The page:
“Gabbling Like a Thing Most Brutish”: Language in the Service of Colonialism in the Tempest

Alen Avdić


The portrayal of Caliban from The Tempest is a prototypical example of representing the other in Shakespeare. He is described as a savage and deformed slave who is also a monster, a strange fish whose smell is awful and a commodity that could earn his owners a lot of money when exhibited as a freak back home in England. The language employed by colonial discourse in The Tempest portrays Caliban as inhuman and this makes his unjust treatment justified by the colonizer. He is repeatedly described using metaphors of earth (as Ariel is given metaphors of air). Thus Caliban is portrayed as earthy – coarse, heavy and crass. However here is depth to his character. He is aware of the history of the island and that his mother held it first, making him its true heir. He is also resentful that Prospero and Miranda have tried to impose their language and culture onto him as well as sexually uninhibited in that he had tried to rape Miranda. His resentfulness of the burden that Prospero lays on him is so big that he ultimately rebels against him. As such Caliban is the quintessential other, and as such destined to be subjugated by his colonizer by the use of the colonizer’s language. He attempts to undermine Prospero’s authority and challenge the colonial rule over his island.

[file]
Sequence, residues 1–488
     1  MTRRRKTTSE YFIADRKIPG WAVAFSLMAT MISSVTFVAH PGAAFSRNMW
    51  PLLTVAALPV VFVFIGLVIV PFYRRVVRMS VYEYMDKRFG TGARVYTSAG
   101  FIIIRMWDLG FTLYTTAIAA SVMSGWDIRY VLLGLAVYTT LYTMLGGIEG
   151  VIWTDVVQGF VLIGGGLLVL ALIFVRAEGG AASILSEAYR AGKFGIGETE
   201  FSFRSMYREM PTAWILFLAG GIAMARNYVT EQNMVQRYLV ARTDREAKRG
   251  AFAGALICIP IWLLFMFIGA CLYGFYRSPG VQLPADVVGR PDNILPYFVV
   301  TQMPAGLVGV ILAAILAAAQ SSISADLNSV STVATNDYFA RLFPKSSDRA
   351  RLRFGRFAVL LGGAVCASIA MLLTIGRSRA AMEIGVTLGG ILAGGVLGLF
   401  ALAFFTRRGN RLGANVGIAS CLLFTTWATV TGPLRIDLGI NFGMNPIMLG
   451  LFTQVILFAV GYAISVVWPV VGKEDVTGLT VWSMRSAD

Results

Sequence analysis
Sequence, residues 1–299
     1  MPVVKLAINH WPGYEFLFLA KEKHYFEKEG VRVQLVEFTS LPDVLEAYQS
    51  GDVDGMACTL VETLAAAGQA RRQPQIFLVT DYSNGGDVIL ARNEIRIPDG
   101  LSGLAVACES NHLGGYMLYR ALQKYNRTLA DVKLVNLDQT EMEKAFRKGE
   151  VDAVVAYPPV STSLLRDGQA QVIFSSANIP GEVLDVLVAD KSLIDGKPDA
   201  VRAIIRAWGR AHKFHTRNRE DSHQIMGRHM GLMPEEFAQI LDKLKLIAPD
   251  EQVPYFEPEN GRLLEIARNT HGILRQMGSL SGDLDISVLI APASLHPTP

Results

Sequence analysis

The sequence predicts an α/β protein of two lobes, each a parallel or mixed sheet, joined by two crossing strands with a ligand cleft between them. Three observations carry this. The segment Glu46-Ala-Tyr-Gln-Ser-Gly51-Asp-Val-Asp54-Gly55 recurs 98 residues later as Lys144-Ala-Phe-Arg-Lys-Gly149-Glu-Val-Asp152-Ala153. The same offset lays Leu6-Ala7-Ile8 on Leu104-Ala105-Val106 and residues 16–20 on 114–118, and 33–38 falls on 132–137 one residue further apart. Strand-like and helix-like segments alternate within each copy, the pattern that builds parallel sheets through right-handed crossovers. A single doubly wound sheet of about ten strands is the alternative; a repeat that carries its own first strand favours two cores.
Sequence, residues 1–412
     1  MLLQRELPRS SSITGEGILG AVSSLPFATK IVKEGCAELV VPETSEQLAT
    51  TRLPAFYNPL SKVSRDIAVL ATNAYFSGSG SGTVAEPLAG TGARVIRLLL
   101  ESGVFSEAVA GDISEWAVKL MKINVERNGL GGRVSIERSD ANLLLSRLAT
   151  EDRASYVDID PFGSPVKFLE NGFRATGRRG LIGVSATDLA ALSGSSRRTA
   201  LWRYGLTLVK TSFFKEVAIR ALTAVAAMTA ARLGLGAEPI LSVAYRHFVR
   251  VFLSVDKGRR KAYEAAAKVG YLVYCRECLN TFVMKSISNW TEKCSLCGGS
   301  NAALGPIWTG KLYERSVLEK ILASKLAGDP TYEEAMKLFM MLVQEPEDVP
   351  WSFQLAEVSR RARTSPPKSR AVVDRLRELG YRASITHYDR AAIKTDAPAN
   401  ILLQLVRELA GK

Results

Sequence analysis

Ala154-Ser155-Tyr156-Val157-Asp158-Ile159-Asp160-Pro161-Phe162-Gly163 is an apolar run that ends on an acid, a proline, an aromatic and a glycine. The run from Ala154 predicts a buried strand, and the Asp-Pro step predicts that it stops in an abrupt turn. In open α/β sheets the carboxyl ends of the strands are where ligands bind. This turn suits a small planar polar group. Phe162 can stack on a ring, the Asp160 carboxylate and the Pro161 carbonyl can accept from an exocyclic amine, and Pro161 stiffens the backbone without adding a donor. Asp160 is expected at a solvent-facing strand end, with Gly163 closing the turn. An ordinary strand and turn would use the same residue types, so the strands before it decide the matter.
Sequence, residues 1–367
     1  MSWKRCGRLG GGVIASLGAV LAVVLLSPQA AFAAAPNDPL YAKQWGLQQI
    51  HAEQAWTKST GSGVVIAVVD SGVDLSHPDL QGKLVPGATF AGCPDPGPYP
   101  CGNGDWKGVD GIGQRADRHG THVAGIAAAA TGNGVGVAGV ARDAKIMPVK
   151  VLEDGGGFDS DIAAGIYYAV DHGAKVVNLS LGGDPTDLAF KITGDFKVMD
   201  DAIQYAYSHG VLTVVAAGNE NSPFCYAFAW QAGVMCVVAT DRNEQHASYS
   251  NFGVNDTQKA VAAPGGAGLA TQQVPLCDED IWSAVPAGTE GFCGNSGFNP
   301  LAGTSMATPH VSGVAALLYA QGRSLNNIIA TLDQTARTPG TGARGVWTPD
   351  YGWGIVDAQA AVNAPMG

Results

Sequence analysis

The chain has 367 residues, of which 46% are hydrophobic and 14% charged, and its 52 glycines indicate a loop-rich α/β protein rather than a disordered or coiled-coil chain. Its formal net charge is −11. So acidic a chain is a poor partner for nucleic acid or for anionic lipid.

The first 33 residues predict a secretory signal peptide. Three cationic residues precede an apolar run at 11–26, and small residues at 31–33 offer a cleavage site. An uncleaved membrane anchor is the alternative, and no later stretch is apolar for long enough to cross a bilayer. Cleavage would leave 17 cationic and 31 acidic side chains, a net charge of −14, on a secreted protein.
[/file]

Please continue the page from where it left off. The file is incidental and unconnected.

postcolonial literary theory; the other; Shakespeare; Caliban; Prospero; colonialism;

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